In 2004, two years before British troops were deployed to Helmand, I escorted two television journalists from Kabul to Lashkar Gah by road. Operating outside the security bubble of Kabul and military embeds was a real eye opener. It was obvious that the locals did not support the coalition. I encountered a group of young Taliban down by the Helmand River who told me that should western troops ever attempt to set up bases in their province, there would be blood; an ominous prediction which indeed proved true.
Over the years, unilateral media excursions in Afghanistan became increasingly risky due to the deteriorating security situation. The Taliban were regrouping effectively, targeting NATO troops and anyone believed to be associated with the coalition. The evidence was indisputable. NATO casualties were steadily increasing year after year as were deaths of NGO personnel, the lynchpin of NATO’s hearts and minds strategy. Conditions outside Kabul became so dangerous for aid organizations that many were forced to abandon their projects or contract them out to local third parties whose progress, not to mention use of foreign aid funds, was impossible to monitor. Sadly though, the British public was largely unaware of what was really happening in Afghanistan because our military and political leaders insisted the campaign was going swimmingly.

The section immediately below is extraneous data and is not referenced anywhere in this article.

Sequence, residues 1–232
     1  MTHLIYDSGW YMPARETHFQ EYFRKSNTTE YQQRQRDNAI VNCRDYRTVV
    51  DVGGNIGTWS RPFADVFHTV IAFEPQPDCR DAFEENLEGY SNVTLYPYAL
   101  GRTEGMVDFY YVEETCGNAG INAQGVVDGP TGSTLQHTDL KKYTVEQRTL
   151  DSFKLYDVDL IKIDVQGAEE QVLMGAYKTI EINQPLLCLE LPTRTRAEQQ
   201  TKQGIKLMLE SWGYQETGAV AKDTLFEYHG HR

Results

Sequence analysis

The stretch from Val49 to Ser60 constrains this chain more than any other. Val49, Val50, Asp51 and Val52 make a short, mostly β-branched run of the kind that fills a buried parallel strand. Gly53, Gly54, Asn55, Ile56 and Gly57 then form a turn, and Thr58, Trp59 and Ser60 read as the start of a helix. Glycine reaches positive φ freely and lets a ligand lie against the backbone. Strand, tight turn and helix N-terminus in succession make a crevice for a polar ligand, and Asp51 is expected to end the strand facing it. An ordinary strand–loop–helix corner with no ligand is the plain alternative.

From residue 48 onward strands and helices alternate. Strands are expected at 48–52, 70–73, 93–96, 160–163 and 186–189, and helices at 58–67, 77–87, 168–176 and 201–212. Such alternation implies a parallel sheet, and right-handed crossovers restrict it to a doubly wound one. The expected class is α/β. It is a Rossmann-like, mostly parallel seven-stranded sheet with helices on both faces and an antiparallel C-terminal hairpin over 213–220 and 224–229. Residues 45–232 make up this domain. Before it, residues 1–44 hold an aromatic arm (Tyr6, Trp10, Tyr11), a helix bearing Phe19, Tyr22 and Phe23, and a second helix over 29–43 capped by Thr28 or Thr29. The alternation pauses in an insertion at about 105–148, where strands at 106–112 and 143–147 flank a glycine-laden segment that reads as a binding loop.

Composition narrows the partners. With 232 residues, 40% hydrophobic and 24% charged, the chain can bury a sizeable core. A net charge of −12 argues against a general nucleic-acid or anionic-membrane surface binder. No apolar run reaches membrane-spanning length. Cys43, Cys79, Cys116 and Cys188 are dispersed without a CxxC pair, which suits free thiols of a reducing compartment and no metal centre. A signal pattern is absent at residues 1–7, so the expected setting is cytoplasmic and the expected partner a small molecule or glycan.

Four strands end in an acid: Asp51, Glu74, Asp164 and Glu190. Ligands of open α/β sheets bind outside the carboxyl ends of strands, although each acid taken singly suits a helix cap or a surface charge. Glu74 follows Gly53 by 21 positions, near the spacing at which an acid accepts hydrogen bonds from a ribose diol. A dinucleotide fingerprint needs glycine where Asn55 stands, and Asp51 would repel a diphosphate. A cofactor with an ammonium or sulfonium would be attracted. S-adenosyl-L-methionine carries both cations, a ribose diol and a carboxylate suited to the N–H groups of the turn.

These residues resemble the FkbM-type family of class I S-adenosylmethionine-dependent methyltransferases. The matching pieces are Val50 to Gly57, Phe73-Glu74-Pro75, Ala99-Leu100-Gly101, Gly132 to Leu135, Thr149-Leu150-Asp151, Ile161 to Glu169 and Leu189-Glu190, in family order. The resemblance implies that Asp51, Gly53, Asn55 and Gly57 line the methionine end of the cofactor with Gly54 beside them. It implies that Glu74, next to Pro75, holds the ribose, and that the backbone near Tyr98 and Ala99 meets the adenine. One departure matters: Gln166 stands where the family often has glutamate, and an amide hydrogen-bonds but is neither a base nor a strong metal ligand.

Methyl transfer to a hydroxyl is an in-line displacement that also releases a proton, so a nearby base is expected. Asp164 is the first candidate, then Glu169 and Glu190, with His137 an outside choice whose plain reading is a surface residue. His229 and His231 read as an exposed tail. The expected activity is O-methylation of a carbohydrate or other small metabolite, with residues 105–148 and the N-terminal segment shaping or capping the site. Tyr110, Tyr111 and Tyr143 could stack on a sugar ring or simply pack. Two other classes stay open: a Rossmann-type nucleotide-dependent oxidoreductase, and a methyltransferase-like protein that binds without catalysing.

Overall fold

One of the greatest misperceptions about the Afghan conflict is that the Taliban is waging an insurgency against NATO. There is no insurgency in Afghanistan; it’s a civil war in which NATO has taken sides. The distinction is crucial for understanding the limits of what can be achieved. The coalition backs the tribes of the former Northern Alliance which has been engaged in a festering 30-year civil war with the Pashtoon tribes of the southern and eastern provinces. Against this context, it is easy to see why British, American and other NATO forces have and continue to encounter such fierce resistance in Helmand. As far as the local Pashtoon are concerned, NATO has sided with their mortal enemies. Continue reading ‘Afghanistan: 10 Years On For British Forces’